Okay, and now I've also looked at the huge image with the scary red outlines over "attacks and accusations". And there's nothing to it. Even a comment consisting of nothing more than "Please elaborate" is marked in red, which means "Accusations/attacks". There is absolutely no way a request for someone to elaborate on what they said can be construed by any reasonable person as an accusation or an attack. There are many similar comments highlighted as "accusations/attacks" that are not in the slightest anything like them. On the other hand, an accusation of "long-term edit warring" is highlighted in green, despite that being a clear accusation of wrongdoing. So whoever did that analysis didn't do it very well. Also, rather than or in addition to an image with usernames redacted, there should be a link to the archive of the discussion itself. It's not like we hide this stuff from public view and so there's a need to use screenshots instead of the real thing. Every last word gets archived. Seraphimblade Talk to me 03:26, 26 April 2018 (UTC)[reply]
Please don't be too hard on the editorial team. You're lucky there was another issue of the Signpost. The March issue was almost certainly going to be the last one. This article was the only one I didn't copy edit myself. Our ad hoc efforts to get this thing out was like passengers being asked if they can fly a plane because the pilots have had heart attacks - neither of the users who worked to get it it published had any prior experience with it. I saw those capitalisations but I honestly thought the author would have addressed anything as blatant as that themselves. We don't mind you volunteering to do 30 hours of copyediting for the next issue - we can then be sure that it is perfect. We need all the help we can get. Kudpung กุดผึ้ง (talk) 17:17, 26 April 2018 (UTC)[reply]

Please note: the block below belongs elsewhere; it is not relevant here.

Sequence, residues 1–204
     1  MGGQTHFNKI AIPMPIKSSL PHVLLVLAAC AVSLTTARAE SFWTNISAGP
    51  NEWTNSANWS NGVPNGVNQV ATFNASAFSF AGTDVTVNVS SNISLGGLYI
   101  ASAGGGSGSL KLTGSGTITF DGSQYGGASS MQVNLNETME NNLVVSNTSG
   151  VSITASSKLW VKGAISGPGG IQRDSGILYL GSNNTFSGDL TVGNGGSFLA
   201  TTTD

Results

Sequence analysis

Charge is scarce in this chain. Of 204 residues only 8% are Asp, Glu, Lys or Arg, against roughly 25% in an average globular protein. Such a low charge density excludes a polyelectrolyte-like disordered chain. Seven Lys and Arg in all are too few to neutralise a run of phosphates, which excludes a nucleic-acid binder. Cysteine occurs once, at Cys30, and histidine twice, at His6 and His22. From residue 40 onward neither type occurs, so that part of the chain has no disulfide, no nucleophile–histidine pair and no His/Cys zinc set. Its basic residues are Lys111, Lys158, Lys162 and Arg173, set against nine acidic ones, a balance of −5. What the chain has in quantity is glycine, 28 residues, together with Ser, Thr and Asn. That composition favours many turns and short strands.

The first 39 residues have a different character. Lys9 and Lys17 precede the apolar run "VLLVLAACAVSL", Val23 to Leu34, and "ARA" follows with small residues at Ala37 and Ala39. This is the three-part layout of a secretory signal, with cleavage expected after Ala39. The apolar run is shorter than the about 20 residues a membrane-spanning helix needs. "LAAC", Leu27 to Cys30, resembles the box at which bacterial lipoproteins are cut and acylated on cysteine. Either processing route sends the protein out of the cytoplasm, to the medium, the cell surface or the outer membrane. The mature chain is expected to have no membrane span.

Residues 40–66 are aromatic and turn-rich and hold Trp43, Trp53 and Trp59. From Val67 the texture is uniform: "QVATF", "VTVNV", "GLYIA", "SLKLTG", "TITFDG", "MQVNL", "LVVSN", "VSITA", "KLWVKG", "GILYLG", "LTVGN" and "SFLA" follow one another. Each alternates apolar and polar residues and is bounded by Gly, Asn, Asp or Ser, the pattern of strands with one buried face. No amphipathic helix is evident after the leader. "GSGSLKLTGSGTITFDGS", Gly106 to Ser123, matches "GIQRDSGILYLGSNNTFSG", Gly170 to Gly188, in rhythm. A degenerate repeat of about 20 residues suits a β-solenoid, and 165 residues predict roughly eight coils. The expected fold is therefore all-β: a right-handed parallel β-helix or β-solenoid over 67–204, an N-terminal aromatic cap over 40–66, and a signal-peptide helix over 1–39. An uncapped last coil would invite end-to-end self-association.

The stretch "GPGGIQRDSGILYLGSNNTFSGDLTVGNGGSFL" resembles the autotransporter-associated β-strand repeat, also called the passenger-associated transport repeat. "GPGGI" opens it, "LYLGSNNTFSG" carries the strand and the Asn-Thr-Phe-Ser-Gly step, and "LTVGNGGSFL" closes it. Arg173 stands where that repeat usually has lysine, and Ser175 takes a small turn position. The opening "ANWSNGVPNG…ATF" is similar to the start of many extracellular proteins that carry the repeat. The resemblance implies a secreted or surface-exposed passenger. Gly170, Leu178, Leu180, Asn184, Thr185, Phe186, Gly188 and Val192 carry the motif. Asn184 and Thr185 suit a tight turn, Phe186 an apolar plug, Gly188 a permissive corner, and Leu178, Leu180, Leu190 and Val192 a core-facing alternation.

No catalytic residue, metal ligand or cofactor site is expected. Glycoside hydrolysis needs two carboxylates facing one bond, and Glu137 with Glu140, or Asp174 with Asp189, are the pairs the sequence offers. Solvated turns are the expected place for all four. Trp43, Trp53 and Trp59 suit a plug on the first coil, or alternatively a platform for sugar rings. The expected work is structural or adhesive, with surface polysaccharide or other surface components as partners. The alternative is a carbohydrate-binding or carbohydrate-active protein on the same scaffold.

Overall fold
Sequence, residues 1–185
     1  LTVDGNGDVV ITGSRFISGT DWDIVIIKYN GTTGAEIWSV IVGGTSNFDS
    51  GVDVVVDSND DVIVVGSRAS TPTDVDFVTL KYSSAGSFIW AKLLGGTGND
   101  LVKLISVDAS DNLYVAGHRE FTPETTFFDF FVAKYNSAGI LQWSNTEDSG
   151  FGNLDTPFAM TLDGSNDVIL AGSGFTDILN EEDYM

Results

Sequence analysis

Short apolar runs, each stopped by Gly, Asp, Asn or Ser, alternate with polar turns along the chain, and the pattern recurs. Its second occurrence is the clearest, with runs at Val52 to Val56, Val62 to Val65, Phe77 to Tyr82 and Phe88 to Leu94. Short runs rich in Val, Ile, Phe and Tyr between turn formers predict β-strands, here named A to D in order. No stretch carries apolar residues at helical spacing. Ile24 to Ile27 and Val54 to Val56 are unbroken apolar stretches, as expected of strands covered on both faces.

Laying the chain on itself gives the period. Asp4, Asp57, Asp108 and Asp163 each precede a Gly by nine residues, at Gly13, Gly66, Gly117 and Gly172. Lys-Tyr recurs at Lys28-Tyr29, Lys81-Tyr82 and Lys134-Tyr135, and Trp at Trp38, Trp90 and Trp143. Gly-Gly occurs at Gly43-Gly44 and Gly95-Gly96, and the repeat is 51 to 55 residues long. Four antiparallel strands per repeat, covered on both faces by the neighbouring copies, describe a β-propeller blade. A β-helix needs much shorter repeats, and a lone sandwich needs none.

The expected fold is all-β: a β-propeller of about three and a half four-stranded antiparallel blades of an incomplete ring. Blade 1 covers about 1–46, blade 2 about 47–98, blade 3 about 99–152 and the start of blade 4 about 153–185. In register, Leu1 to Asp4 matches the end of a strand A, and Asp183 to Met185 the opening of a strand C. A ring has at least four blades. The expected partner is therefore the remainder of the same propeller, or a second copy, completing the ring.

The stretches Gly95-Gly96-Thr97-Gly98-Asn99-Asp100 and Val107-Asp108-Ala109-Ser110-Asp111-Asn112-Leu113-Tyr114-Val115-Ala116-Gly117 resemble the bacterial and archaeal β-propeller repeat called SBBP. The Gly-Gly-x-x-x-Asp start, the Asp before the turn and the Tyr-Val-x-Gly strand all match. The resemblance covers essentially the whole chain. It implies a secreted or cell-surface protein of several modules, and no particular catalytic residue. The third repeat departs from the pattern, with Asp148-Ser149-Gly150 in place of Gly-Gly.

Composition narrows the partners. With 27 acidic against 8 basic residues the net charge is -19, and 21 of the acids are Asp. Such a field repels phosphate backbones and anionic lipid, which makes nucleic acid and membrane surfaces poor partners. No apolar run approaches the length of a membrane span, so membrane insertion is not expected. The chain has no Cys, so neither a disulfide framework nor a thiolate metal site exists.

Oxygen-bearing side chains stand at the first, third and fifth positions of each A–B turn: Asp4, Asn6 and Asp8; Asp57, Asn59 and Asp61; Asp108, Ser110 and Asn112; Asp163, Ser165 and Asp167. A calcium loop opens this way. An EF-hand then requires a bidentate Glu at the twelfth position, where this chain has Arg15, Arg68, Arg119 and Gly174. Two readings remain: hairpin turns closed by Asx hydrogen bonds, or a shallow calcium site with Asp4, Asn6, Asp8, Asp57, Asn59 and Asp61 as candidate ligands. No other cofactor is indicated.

Hello! Thank you for your constructive feedback. The capitalized titles were, in fact, part of a new Manual of Style; however, they don't seem to be taking on. As for the screenshot of the AN/I thread, this was done to prevent anyone from stumbling in there from here, maybe leaving another unconstructive comment adding nothing to the discussion. If you want better copy-editing, Be Bold! We can use every helping hand. Zarasophos (talk) 17:21, 26 April 2018 (UTC)[reply]
@Kudpung:, I didn't know you were in that type of a situation. I would hate to see the Signpost go away, and if you'll let me know what I can do, I would certainly be happy to help, whether that's copyediting or anything else. Seraphimblade Talk to me 14:51, 28 April 2018 (UTC)[reply]
I did the copyediting and decided to leave the caps as-is. It turns away contributors if the c/e is overly prescriptive. In my judgement, building and revitalizing The Signpost outweighs what comes down to a trivial difference in style. I note that caps for positional/occupational titles is common in some communities. ☆ Bri (talk) 18:10, 26 April 2018 (UTC)[reply]
The Administrator noticeboard exists to settle conflicts related to Wikipedia editing. I do not think that there is anyone on the Administrator board that ever wants to address harassment, stalking, violence, sex danger, criminal derangement, or people who are incapable of socializing. If anyone wants to fix the Admin board, it is possible to divide the pool of issues into "what any sane person would say that crowdsourced volunteers should manage" versus "what any sane person would say requires special training to manage, and probably paid staff". We are at an impasse because the Wikimedia Foundation will not hire paid staff to address social misconduct on Wikimedia projects, nor is there any Wikimedia community organization which has ever requested Wikimedia community funding to address harassment directly. I see no fault in the WMF because there is consensus that the WMF not have paid staff engage too much with the Wikimedia community.